Visa and Passports: A visa is needed to enter Bhutan but it is not issued abroad. Visas will be stamped in your passport upon arrival in Paro, cost US$ 20 and are included in your tour payment. To apply for a visa, contact either your host agency or foreign or Bhutanese tour operator. You have to send the PP details 15 days in advance.
Customs: All visitors are required to complete a customs form upon arrival at Paro. The following items are exempt from customs duty:
a. Personal effects for day to day use
b. Instruments, apparatus or appliances for professional use
c. Photographic equipment, video cameras and other electronic goods
Note: Import of tobacco and tobacco products for personal consumption - 100% sales tax and 100% customs duty. The maximum allowed for personal consumption are:
a. Cigarettes: 1 carton of 200 cigarettes.
b. Pipe tobacco: 3 tins of 50 grams each.
c. Other tobacco products: 50 grams.
Customs regulations strictly forbid the export of antiques or religious objects out of the country unless you have clearance from the Antiquities Department. If you are carrying religious items from another country, declare them on your customs form on arrival in Bhutan to avoid any problems on departure. It is forbidden to export samples of flora & fauna.
The temperature and weather can change quickly and you may experience different climates in one day. Depending on the altitude, you may be freezing on top of a pass and an hour later you may be in a semi-tropical jungle. It is difficult to generalize about the climate of Bhutan because of the variations in elevations and seasons.The southern belt is at an altitude of 300 meters and border to the Indian state of West Bengal & Assam. It is cool and sunny in winter and hot and rainy in summer.
The central valleys share the same pleasant climate but the eastern ones are lower and warmer. Bumthang is the highest and coldest. Winter from November to March is generally sunny except for the occasional snowfall; temperature can be relatively warm during the day but may fall below freezing at night. Spring, from mid - March to May, is cool and often stormy as it slowly warms up. Monsoon can start from mid - June and last until September. It is warm and cloudy with showers falling mostly in the evening and at night. October is a pleasant autumn month with clear skies, warm days and cool nights.
Practical and comfortable clothes are appropriate, with dressy outfits only necessary if you are on a business trip in Bhutan. Because of the variety of climates you may encounter in one day, choose garments which can be layered. From June to September cottons and a warm woollen sweater should be enough, while from October to May you must also bring a down jacket or warm coat. Especially in winter, west and central Bhutan are much colder than any other district apart from the north. A pair of slippers/sandals/sneakers and hiking shoes is the only footwear required unless you are trekking.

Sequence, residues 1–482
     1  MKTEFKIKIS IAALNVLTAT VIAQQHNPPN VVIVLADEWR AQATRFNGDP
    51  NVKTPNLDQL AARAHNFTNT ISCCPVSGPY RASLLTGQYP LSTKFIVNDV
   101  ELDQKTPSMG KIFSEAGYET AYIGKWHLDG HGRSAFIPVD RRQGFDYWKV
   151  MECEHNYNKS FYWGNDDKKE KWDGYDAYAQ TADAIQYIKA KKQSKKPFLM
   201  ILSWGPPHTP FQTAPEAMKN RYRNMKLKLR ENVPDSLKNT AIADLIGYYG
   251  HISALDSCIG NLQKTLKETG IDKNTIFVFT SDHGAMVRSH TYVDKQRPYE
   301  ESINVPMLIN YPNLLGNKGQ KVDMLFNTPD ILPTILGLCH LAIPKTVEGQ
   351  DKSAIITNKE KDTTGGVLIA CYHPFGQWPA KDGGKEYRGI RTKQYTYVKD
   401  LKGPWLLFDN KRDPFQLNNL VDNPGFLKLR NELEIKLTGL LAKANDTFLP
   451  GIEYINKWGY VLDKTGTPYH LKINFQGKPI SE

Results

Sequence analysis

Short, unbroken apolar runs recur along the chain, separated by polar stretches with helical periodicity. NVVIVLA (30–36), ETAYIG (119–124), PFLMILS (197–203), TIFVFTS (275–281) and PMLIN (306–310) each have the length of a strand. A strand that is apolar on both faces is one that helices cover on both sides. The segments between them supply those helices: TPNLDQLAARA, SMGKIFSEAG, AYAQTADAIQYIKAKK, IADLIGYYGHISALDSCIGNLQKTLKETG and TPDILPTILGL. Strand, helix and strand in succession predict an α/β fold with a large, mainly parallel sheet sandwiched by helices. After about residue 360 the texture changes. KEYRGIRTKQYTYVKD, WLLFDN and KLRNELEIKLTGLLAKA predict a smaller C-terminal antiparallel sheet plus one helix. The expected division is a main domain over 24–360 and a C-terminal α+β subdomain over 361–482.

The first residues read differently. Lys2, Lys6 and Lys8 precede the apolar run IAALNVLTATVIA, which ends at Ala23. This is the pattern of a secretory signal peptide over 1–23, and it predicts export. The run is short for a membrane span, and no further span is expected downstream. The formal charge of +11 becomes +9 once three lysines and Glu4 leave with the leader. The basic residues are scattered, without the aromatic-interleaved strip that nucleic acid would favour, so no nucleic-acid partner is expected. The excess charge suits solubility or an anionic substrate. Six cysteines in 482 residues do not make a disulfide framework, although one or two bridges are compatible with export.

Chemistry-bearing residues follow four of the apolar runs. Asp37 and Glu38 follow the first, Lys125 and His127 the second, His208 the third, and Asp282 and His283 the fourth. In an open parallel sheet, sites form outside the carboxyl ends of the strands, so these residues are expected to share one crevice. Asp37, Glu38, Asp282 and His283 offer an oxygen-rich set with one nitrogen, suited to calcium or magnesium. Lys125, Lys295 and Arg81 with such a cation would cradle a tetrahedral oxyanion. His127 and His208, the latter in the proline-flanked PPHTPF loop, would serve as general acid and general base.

Officially 220 volts is supplied by the Department of Power. But the power supply can fluctuate. Some hotels and lodges don't have American plug points or converters.
In most places around Bhutan you will find the Indian made batteries available. But quality is very poor. It is advisable to bring your own supply of batteries. The only other possibility is purchase in Thimphu.
Bhutan is 6 hours ahead of G.M.T. and half an hour ahead of India.
There is no credit card facility available to cash money from banks. But it is accepted at all leading Gift shops, Handicraft stores and by hotels.
A departure tax of Nu.500 Ngultrum (US$ 12) is levied at Paro airport.
Every individual travelling to Bhutan through travel agents will be provided with a Toyota car for FITs and coaster bus for groups. In the case of clients preferring luxury vehicles an additional amount will be charged.
Hotels in Bhutan are not as high standard, compared to other developing countries. But all tourist lodges & hotels are recognized and regulated by the Department of Tourism.
Higher standard Options:
Two years ago Bhutan approved a foreign investment policy and we now have a few �FIVE STAR� hotels mostly base at Paro.
Aman Resort: Paro, Thimphu, Punakha, Gangtey and Bumthang.
Uma Resort: Paro
Druk Bouquet: Thimphu under construction.
Price: US$ 300 - 1000 per night inclusive of tax.
NOTE: As we move further towards central and eastern Bhutan hotels amenities are reduced.
Taxis are available and a bit expensive compared to buses, but it is not costly by western standards.
Every part of Bhutan is connected with local buses from the Bus terminal. The daily schedules differ according to destination and area.
Hiring a car is no problem in the capital Thimphu but keep in mind that once you are out of Thimphu this is not so easy. The rates are Government controlled and charges are on a per- kilometre basis after the daily lump sum that covers 100km. A driver and petrol are included in the price. If you are travelling towards the East a 4-wheel drive is recommended, although it would be more expensive than a car.
Every district in Bhutan is equipped with a General hospital, but only at Thimphu will you find modern facilities and Pharmacies. Come well prepared with all necessary medicines like sleeping pills (high altitude can hinder your sleeping), anti-nausea pills, anti-diarrhoea pills, water purifying tablets (if you are trekking), oral dehydration packets, eye drops, antibiotic ointment and anti-histamine ointment.
Every District has hospitals staffed with competent doctors and offer basic services but there is no Intensive Care Unit and most patients are referred to Jigme Dorji Wangchuk National Referral Hospital at Thimphu. The exception is Mongar (in the east) which has a well equipped hospital if you are lucky enough to be near by.